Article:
The Pap smear is done to check for cervical cellular abnormalities. This is a quick and usually painless, but sometimes uncomfortable, test where an instrument called a speculum is inserted into the vagina, and a swab is used to take a few cells from inside and around the cervix. The swab is sent away for investigation to make sure the cells are healthy. Sometimes women spot after the Pap smear when the site where the cells have been scraped off bleeds a bit. The Pap smear cannot harm the baby or cause a miscarriage.
Urine test (every medical visit)
A urine test can be used at the very first medical visit to confirm the pregnancy. At every medical visit, a urine test is done to measure the presence of white blood cells, sugar, and protein. White blood cells may indicate an infection; sugar could be a sign of diabetes; protein is a sign of high blood pressure called pre-eclampsia or a sign of kidney problems. Diagnosis and treatment of these conditions can help to improve the health of both mother and baby.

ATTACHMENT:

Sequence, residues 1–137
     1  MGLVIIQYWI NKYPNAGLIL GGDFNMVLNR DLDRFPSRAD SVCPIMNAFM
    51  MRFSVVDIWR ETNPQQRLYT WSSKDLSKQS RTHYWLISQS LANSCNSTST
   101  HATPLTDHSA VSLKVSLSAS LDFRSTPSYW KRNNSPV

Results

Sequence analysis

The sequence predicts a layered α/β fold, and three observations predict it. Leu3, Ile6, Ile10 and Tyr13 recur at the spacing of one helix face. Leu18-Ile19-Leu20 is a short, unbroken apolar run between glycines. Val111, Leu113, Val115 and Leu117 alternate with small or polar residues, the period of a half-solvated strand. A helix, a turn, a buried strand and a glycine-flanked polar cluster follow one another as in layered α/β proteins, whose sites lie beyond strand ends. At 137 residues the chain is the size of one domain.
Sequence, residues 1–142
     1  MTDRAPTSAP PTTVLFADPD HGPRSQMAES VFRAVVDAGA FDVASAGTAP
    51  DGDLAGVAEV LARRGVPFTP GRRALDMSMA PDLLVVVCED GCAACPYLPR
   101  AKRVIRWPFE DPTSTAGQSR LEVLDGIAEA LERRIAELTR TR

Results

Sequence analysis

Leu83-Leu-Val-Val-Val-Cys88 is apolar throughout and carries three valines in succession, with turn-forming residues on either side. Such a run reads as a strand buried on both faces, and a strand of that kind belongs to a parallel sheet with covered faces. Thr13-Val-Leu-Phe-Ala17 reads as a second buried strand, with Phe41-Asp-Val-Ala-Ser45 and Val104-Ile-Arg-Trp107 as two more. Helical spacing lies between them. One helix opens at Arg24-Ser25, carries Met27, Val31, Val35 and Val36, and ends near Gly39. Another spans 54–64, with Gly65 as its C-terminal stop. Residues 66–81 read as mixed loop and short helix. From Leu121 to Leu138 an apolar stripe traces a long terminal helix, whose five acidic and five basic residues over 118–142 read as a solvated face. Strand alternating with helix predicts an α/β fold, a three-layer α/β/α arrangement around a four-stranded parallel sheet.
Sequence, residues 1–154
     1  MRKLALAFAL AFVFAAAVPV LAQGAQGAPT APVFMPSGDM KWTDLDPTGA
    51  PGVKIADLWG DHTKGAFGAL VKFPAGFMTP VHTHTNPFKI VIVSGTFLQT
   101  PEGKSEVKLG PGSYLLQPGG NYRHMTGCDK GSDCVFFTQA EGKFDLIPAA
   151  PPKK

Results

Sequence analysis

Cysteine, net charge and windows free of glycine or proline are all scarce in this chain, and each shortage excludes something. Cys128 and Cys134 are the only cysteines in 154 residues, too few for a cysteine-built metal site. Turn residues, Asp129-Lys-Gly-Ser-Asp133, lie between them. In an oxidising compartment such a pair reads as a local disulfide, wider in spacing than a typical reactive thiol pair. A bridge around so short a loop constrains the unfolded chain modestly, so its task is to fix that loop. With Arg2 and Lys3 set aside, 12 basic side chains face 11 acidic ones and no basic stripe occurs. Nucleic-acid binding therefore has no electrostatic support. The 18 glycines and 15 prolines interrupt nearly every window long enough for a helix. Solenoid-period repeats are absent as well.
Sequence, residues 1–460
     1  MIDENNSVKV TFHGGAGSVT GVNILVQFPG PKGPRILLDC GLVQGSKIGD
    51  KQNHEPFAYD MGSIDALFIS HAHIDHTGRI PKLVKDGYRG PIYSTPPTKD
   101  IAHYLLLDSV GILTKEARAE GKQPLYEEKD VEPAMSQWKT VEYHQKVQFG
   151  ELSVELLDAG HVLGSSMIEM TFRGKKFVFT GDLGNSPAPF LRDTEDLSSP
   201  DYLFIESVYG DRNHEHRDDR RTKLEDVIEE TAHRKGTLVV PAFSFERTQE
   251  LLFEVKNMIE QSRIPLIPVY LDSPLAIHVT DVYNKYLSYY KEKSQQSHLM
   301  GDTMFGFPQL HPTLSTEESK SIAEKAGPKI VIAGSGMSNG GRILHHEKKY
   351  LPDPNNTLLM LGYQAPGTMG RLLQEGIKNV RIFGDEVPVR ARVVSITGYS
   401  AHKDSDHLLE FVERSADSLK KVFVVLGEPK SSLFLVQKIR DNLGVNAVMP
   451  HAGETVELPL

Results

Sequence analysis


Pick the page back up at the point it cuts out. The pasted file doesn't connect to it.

Ultrasound (weeks 16 to 20)
Ultrasound uses sound waves to scan the unborn baby in the uterus, and shows a video of the baby onscreen. For most couples, having an ultrasound done is very exciting because they are able to see their baby's image, albeit a bit fuzzy, for the first time. Ultrasound is used to determine the age of the unborn baby, monitor the beating heart, and check for abnormalities of the head and spine. This technique can also confirm the presence of twins and pinpoint the exact position of the placenta.
Ultrasound is usually done just once during pregnancy, between weeks 16 and 20, but sometimes it is also done late in pregnancy to make sure that the baby is growing properly. Ultrasound can be done regularly throughout the pregnancy if needed.
Gestational diabetes test (weeks 24 to 28)